What questions am I asking of myself? Have I permitted my assumptions and opinions about history and current events to close my mind, and harden my heart?

asking

Advice to a Seasoned Citizen

Surely not I, Lord?

Oh yeah, Baby: YOU!

Five years ago, Doug asked a question in the wake of the Baltimore riot over the death of Freddie Gray in police custody.   It’s worth repeating:

. . . I see my nation struggle with kinds of confusion, sin and corruption I never could have imagined in high school. I ask myself, “Am I a player or contestant in the struggle? Do I join the contest or watch from the sidelines?” Contestant or Onlooker? (The Vigilant Angler)

Our nation is similarly convulsed; righteous and responsible protesting is oft overshadowed by mayhem and murder.  The point we need to remember – how four policemen subdued a suspect – is fragmented by politics, violence, and opportunism.

But, how does an old lady seasoned citizen become a contestant in these times?

What can I do?

Look in the mirror; ignore the hair, and ask that woman: what have I done to make my life better, or the lives of those around me? What plan do I have to make this a better planet?  (The Officer Tatum )

asking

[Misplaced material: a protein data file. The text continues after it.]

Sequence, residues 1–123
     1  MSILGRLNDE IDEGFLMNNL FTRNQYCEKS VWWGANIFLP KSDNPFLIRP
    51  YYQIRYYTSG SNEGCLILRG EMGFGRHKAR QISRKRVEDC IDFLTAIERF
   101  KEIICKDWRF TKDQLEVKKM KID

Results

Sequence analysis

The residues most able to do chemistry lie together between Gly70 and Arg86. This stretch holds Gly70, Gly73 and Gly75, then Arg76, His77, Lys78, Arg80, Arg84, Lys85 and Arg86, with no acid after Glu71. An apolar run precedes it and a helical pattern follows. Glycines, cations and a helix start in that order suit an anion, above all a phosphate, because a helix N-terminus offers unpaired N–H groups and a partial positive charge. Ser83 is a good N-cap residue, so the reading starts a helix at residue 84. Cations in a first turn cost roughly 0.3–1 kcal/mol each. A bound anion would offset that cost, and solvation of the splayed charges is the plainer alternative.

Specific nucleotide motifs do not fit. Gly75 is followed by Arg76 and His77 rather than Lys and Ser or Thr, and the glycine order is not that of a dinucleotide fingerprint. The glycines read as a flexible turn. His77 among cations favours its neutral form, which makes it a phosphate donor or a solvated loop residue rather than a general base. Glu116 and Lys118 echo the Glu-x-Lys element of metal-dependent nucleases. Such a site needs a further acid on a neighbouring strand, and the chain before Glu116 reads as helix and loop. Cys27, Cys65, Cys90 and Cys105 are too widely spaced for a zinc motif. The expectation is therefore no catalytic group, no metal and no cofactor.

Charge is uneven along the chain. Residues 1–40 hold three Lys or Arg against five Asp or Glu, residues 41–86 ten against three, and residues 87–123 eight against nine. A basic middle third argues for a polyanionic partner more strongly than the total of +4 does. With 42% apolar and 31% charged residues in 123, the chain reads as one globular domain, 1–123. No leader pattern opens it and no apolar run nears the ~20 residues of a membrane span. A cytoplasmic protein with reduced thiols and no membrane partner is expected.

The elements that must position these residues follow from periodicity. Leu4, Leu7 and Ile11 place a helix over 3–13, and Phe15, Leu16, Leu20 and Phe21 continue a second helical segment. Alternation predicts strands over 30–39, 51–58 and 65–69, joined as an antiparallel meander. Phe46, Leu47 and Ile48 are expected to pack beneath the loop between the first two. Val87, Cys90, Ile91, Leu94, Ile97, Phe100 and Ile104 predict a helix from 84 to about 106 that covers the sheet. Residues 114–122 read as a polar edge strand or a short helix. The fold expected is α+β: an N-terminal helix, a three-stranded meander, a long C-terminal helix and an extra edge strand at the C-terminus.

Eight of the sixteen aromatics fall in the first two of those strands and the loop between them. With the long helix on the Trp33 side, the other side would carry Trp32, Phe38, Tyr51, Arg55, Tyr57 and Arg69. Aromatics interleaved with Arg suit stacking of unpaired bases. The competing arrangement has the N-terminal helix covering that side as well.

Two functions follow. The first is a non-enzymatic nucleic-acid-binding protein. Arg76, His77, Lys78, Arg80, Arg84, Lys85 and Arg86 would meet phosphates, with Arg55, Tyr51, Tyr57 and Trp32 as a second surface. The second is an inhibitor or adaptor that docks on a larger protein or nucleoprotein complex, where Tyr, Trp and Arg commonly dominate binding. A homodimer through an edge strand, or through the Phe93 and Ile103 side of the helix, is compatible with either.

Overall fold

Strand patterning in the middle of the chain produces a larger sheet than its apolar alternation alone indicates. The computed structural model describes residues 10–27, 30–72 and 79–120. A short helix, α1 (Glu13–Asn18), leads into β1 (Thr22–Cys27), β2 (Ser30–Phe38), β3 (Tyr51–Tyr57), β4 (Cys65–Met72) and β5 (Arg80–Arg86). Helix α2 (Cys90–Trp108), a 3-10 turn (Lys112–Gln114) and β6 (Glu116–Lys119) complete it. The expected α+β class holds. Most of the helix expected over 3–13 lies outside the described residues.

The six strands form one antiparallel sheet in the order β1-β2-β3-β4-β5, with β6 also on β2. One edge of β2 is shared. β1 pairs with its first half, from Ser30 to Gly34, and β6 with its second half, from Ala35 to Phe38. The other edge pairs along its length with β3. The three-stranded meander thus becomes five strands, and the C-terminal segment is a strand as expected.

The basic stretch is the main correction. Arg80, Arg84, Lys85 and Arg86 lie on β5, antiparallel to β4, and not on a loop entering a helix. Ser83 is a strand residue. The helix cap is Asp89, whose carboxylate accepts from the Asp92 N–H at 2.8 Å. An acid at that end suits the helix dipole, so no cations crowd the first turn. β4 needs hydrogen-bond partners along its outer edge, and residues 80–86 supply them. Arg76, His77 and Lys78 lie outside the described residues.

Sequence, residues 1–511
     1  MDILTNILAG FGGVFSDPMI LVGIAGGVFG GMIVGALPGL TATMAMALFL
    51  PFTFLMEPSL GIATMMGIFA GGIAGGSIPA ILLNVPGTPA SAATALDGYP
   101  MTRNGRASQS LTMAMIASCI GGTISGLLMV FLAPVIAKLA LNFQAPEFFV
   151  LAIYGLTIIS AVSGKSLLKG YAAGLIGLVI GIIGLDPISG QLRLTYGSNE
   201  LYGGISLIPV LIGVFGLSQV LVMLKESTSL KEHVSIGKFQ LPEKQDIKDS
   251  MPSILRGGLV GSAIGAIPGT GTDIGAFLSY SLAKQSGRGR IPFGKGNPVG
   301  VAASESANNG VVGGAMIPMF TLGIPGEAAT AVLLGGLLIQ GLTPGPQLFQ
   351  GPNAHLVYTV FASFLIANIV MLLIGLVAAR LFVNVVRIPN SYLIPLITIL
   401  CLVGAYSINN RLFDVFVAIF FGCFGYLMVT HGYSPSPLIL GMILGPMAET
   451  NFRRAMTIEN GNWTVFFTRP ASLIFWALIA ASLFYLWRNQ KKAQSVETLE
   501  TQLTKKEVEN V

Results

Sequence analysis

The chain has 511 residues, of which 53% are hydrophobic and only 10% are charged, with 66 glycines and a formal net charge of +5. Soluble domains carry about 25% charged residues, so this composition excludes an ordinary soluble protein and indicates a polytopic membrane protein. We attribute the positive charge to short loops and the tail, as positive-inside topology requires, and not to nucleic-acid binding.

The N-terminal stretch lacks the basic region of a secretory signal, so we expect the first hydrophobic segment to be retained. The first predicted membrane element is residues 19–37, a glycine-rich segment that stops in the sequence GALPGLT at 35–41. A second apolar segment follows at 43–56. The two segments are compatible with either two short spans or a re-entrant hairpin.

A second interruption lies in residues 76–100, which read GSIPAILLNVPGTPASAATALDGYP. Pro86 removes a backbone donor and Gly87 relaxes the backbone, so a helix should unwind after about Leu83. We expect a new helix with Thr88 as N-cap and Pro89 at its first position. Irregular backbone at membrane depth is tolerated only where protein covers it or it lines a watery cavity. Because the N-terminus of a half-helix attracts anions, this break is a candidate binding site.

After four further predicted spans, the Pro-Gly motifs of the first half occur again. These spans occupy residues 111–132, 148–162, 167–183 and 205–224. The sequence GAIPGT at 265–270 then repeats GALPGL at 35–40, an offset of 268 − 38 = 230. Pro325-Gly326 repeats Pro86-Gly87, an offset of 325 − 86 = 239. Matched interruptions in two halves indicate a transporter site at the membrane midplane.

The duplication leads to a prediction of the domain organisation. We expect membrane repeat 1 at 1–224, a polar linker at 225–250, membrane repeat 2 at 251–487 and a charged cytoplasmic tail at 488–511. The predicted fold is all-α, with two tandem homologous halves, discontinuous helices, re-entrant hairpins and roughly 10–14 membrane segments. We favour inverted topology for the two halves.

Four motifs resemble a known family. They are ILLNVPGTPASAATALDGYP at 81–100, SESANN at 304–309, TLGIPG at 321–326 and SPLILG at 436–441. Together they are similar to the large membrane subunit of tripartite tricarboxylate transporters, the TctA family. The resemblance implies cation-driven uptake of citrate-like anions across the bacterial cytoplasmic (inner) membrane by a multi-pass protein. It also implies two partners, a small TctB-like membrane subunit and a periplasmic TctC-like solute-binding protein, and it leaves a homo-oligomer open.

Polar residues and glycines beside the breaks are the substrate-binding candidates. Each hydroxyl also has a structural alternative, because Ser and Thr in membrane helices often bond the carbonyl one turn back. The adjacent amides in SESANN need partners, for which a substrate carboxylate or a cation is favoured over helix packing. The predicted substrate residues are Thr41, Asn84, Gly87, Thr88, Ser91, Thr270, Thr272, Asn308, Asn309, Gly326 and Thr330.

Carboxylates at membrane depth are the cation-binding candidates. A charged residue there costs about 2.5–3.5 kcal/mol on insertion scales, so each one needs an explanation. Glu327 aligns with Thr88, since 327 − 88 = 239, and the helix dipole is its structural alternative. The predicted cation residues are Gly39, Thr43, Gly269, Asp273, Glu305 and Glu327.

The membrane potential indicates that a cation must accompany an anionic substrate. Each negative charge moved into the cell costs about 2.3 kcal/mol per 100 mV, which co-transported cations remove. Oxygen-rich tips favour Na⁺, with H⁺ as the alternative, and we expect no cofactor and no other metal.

What do I see when I look in the mirror?

Ouch . . . that is NOT the question I have been asking her!

Then a fellow blogger, Martha Grimm Brady, posed a question worth asking: Are we walking in the light, or being blinded by the dark?

I don’t think she meant the light of the TV or computer screen.

An Answer

Our church has had open prayer meetings through out the week, according to the county guidelines. Attending them has been transforming and reforming.  I have come to a better understanding of what our sixteenth President said:

“I have been driven many times upon my knees by the overwhelming conviction that I had no where else to go. My own wisdom and that of all about me seemed insufficient for that day.”― Abraham Lincoln

How can I contend – at my age?

Before I assume, ask . . .

Before I ask, pray . . .

[Then] we imitate him—carefully, humbly. We speak with him and others, and then we speak out. Say Something

Thanks for reading — You might like  Hokey. But Oh So Helpful.

 

Digiprove sealCopyright secured by Digiprove © 2020 Barbara Smith

Thanks for sharing!